Since we’re also keeping an eye on the competition, we’ll tell you that Apple announced a new iPad 4 version today, the 128GB model (Wi-Fi-only and Wi-Fi + Cellular), which is essentially similar to existing fourth-generation iPad tablets when it comes to specs and features, with storage being the only difference.
Obviously, the 128GB iPad 4 Wi-Fi model costs $100 more than the 64GB tablet, or $799, while the 128GB iPad 4 Wi-Fi + Cellular will retail for $929 and both models will hit stores on February 5. There’s nothing unusual about this pricing scheme, which falls in line with what Apple is used to charging for its tablets, and the fact that Apple is quietly announcing a new iPad 4 model should mean that the fifth-generation iOS tablet is only going to be unveiled later this year.
Do regular customers need that much storage on a tablet? Apple doesn’t seem to think so judging from the press release, with the 128GB models specifically targeting businesses that “regularly” use “large amounts of data such as 3D CAD files, X-rays, film edits, music tracks, project blueprints, training videos and service manuals.”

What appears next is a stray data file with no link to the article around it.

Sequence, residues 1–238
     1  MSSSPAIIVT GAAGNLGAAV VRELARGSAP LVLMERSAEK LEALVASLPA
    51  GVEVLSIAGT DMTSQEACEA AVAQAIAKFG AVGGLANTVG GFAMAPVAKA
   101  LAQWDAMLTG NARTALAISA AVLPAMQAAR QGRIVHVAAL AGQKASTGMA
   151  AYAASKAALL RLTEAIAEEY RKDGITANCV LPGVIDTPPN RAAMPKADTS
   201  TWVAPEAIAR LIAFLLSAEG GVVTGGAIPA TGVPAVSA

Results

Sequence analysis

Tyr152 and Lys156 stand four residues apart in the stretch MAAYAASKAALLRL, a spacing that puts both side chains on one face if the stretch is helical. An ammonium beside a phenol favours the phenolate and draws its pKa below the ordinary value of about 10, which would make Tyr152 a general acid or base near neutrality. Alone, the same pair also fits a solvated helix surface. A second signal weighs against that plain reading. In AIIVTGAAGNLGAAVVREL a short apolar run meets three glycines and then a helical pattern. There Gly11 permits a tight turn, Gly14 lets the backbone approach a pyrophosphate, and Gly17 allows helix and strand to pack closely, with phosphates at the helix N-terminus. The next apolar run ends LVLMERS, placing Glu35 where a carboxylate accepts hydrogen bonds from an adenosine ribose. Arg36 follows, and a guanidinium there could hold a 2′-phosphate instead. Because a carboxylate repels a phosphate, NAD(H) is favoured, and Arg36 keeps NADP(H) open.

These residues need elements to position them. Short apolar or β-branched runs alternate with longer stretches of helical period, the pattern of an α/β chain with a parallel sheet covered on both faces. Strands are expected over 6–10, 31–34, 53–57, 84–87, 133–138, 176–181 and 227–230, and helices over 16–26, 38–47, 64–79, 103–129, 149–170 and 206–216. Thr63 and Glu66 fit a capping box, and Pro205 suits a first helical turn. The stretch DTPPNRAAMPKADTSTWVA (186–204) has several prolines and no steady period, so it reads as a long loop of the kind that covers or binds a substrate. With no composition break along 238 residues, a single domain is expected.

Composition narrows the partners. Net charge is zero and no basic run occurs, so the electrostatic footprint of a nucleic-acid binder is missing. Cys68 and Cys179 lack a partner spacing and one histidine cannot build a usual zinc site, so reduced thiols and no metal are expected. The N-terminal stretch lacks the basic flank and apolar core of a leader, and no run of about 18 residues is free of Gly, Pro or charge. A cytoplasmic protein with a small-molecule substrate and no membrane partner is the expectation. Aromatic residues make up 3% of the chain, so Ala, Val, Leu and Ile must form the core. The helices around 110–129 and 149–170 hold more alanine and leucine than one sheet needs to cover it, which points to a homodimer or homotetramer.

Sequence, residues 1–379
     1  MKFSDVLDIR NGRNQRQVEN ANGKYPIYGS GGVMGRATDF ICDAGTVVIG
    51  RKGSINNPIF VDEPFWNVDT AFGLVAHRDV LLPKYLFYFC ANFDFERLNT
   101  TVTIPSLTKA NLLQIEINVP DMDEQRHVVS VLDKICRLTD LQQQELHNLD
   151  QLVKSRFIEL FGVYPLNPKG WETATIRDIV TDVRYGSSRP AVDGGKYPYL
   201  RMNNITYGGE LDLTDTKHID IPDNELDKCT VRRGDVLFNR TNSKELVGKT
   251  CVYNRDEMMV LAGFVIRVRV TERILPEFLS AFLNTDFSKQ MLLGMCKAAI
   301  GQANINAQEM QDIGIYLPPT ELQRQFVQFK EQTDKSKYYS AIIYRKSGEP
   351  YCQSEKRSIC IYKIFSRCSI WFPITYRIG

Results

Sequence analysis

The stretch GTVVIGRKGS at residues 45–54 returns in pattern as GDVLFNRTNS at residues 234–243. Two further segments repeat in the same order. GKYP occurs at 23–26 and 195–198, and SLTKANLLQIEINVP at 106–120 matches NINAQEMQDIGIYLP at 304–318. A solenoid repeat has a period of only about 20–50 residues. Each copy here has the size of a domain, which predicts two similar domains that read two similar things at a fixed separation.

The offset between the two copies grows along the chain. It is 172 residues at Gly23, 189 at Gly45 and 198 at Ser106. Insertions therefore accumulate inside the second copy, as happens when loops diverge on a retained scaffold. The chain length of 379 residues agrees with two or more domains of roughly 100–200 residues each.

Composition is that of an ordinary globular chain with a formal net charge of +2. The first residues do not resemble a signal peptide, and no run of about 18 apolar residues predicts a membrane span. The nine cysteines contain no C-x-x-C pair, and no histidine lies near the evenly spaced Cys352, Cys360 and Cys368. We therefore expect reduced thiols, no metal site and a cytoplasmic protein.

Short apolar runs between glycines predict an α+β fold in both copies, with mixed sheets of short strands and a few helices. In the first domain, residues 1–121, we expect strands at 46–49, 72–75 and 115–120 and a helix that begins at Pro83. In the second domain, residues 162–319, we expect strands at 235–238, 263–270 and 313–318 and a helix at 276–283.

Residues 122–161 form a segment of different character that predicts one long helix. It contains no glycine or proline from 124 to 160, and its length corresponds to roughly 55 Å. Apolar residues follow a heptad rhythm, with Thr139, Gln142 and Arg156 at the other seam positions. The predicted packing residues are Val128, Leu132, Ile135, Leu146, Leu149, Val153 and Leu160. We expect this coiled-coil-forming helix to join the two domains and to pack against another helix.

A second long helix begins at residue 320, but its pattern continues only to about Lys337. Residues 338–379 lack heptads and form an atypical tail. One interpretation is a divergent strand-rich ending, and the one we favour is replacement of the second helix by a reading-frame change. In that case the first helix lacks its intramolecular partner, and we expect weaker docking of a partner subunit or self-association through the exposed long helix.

So if Apple is more serious when it comes to pitching iPads to enterprise customers, does that mean we’ll see similar offerings from the competition?
As you already know, Microsoft has its own Windows 8 tablets in stores, the Surface models, which aren’t selling as great as the company would like them to. Of those, there’s a 128GB Surface Pro model available to consumers, but the actual storage that can be used on the model sits at 83GB, which is certainly something business users that utilize “large amounts of data” won’t like.
In the Android universe, most Android tablet makers make sure they include microSD support in their devices, so users can upgrade the available storage by themselves. Furthermore, external hard drives can be connected to Android tablets to offer even more storage space for the same kind of “large data.”
But since Apple and Microsoft are now offering devices that pack from the get-go 128GB of storage, does that mean that Android OEMs will also have such higher-priced models of their upcoming 2013 flagship devices in stores later this year? You know, not to copy Apple and Microsoft, but to have similar offers out there?
Would you buy a tablet that comes with 128GB of storage, or do you prefer to use other means to upgrade the memory? For what it’s worth, the Galaxy Note 2 can offer you up to 128GB of storage as long as you’re ready to buy the 64GB version and an extra 64GB microSD card to go with it.